Depression following terminal diagnosis

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My mum was diagnosed with Pancreatic cancer in Feb this year. She was fit enough to be offered the Whipple's procedure (Mid March), she has made great progress, and although food and gut health have been issues, this did not slow down her progression back to a good level of activity and stamina.

Last week she started chemo - just one session, and then the following day got the results of the scan she'd had two weeks ago. The cancer has spread to her liver. She has stopped any further treatment, and has been told she has 6-12 months. This was last Tuesday - since then she has slowly withdrawn, and stays in bed, not eating much and saying that she has stomach issues that mean she can't leave the house for any length of time. 

Is there anything we can do or anyone we should get her to speak to regarding depression, end of life expectancies?

  • Hi Rebecca2710, 

    I am Sharon, one of the nurses on the Macmillan Cancer Support Line.

    Mum’s diagnosis and subsequent scan results must have come as a big shock to you all Rebecca. It is not easy trying to process bad news and it is important to use whatever support is available to you, so I am glad you have reached out to us here at Macmillan. Please feel free to call us on 0808 808 0000 if you feel it would be useful to talk things through with someone.

    It is important for your mum to get a medical review straight away, via the chemotherapy unit, her GP or 111. After having chemotherapy, mum is at higher risk of developing infection and if she gets an infection, will not be able to fight it off as she normally would. 111 have access to some medical records and can prescribe medications if necessary.

    She should let her GP know about her low mood so that they can support her appropriately. There are some self-help tips to improve your mood on the NHS ‘Every Mind Matters’ website, and we are happy to support as best we can if mum wants to have a chat. We also have a partnership with Big Health, a company that has a mobile app that is clinically proven to help people with anxiety (daylight app). Big Health will not charge you if you access them via Macmillan using this link.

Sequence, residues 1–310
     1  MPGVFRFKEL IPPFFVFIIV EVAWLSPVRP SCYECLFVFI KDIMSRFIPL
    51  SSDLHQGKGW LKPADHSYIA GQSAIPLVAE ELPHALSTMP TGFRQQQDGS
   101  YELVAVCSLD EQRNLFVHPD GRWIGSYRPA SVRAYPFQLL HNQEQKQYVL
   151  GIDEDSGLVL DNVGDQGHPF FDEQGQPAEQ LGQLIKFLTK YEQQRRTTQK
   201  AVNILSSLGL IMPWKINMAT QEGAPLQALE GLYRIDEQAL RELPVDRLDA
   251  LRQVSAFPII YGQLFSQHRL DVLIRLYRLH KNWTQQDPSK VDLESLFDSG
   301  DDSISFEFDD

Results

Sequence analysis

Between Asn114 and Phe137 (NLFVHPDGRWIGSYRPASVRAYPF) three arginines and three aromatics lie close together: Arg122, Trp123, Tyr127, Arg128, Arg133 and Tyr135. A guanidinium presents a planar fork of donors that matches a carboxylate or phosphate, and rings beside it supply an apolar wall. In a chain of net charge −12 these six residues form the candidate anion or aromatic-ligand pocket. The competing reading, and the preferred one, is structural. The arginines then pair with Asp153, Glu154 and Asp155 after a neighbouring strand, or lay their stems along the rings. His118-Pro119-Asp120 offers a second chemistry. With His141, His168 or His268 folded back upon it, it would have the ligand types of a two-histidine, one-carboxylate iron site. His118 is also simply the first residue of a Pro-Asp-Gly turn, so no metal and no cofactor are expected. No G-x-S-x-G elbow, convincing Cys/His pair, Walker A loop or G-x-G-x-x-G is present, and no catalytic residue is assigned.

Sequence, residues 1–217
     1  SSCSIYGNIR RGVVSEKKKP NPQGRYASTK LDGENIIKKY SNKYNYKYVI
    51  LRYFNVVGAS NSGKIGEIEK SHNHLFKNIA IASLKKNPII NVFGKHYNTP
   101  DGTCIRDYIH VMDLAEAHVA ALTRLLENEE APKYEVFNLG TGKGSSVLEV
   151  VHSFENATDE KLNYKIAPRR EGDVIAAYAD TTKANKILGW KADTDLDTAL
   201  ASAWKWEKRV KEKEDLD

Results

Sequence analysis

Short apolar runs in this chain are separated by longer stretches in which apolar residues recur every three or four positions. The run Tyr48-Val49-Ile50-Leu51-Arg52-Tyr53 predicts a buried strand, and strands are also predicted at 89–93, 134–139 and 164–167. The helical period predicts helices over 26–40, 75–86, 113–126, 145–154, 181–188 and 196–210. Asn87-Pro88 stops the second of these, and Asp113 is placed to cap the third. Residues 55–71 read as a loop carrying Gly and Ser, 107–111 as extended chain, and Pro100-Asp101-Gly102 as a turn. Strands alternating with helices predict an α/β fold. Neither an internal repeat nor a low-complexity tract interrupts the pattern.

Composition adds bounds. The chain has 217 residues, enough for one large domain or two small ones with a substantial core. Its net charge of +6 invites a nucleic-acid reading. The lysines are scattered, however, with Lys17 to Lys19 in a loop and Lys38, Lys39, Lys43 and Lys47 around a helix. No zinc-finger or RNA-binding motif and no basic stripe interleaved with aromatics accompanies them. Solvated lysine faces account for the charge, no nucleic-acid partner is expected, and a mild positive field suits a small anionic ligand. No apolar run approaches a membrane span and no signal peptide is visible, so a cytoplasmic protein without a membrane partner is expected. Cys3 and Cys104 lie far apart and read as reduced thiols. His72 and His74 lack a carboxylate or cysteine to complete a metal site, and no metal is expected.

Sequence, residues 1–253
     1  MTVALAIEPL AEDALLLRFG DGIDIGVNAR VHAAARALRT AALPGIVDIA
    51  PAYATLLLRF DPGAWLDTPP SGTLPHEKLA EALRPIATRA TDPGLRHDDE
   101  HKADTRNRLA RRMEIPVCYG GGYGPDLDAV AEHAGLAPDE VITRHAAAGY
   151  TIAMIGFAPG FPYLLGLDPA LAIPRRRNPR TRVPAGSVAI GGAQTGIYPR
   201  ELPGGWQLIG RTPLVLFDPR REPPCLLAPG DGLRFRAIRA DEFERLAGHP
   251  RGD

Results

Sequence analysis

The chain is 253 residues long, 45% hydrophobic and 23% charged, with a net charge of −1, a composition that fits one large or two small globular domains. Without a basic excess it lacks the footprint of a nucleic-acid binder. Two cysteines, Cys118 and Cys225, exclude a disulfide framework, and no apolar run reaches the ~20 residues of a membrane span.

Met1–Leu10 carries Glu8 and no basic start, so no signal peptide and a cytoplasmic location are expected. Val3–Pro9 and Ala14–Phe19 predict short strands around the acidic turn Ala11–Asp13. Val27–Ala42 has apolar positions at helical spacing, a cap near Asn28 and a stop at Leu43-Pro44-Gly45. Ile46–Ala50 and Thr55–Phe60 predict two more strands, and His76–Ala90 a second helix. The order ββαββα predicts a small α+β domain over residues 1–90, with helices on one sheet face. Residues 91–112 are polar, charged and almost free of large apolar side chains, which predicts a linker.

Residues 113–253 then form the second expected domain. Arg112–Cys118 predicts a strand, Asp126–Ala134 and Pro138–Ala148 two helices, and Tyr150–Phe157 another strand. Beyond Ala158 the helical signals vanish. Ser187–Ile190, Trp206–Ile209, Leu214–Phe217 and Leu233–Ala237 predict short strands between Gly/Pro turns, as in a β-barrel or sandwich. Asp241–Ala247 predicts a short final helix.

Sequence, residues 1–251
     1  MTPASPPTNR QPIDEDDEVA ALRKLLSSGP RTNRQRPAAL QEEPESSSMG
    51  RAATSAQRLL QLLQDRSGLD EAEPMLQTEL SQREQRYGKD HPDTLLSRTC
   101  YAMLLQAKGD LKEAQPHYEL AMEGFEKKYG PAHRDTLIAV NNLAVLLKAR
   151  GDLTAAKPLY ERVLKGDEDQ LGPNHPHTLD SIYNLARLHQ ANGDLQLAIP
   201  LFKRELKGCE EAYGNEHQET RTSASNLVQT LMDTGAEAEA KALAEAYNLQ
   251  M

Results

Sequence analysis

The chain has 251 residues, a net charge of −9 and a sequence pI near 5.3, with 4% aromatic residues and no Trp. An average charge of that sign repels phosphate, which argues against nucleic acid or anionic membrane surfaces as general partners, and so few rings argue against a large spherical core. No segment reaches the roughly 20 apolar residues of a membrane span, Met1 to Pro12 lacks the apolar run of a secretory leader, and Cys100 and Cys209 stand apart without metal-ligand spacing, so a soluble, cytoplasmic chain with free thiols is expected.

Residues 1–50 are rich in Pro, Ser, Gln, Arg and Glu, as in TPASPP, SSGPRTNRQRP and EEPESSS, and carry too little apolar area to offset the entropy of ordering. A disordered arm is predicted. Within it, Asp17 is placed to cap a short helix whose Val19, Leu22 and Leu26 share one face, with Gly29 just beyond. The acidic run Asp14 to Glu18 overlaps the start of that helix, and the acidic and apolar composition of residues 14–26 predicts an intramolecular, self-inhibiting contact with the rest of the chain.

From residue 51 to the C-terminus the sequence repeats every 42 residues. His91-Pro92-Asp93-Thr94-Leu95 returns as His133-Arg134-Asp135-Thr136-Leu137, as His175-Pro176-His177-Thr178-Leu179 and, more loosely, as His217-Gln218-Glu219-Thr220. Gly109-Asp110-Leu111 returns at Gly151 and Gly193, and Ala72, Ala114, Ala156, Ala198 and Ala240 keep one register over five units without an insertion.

There are several health care professionals that can be involved in care at home. Your GP and community nurses are the main sources of support in the community. It would be a good idea to ask mum’s GP to refer her for a palliative care assessment, and a referral to the specialist palliative care team.

    A palliative care assessment will either be carried out by the district nurses or a local hospice, depending what services you have locally. They will visit mum at home, have a chat about what is happening and how they can best support her. They can order equipment and source care for mum when it is needed. They will give you a number to call if she needs help/advice with anything night or day.

    The specialist palliative care team or Macmillan nurses (they have the same role, their name depends what is in your area). They work with GPs to provide symptom control advice and answer questions about what to expect.

    Marie Curie has a booklet about what to expect at the end of someone’s life which you may find useful.

    Supporting a loved one with cancer is not easy. It’s equally important that you look after yourself and get support too. Remember, we are here for you and your mum if you need us. As well as our support line, we have webchat, and forums ‘Pancreatic cancer’ / ‘Carers only’ here on our online community, where you can get support from others in a similar situation.

     

    Pancreatic Cancer UK also have their own forum and support line.

    Kind regards,

    Sharon

    Cancer Information Nurse Specialist 

    You can also speak with the Macmillan Support Line team of experts. Phone free on 0808 808 0000 (7 days a week, 8am-8pm) or send us an email. Ref; SA/LD